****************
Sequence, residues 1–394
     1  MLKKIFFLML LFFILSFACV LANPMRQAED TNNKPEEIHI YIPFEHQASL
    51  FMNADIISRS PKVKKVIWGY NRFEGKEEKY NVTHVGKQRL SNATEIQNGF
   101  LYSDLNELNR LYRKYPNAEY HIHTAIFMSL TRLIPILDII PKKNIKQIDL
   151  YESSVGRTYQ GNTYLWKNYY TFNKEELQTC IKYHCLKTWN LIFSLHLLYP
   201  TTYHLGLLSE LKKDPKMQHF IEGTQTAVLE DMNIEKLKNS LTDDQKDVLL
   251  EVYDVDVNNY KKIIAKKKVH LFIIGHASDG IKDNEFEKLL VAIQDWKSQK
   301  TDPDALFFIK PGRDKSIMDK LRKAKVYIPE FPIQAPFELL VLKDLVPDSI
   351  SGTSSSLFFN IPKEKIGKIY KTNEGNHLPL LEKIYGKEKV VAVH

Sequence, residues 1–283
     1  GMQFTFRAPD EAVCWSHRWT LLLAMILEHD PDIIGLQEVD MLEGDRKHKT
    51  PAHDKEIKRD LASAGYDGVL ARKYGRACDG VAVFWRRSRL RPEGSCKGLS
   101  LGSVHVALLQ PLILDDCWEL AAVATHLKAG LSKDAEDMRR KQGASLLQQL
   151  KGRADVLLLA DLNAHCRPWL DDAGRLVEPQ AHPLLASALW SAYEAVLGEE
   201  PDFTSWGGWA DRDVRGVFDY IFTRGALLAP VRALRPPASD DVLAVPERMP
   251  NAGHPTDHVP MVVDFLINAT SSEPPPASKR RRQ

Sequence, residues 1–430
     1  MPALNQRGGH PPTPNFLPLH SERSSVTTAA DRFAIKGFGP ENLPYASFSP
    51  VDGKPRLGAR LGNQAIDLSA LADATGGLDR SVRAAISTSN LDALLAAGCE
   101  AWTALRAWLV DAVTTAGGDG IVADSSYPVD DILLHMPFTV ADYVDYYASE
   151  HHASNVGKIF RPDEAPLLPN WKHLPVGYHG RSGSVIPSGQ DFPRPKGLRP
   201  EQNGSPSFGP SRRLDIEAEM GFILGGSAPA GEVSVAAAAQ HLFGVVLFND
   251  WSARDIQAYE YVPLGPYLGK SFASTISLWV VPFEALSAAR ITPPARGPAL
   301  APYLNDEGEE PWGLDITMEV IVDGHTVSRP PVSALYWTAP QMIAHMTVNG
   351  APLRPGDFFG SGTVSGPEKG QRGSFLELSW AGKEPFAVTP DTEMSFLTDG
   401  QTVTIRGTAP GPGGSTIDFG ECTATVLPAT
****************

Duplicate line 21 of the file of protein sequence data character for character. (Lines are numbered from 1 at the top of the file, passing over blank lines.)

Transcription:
   151  HHASNVGKIF RPDEAPLLPN WKHLPVGYHG RSGSVIPSGQ DFPRPKGLRP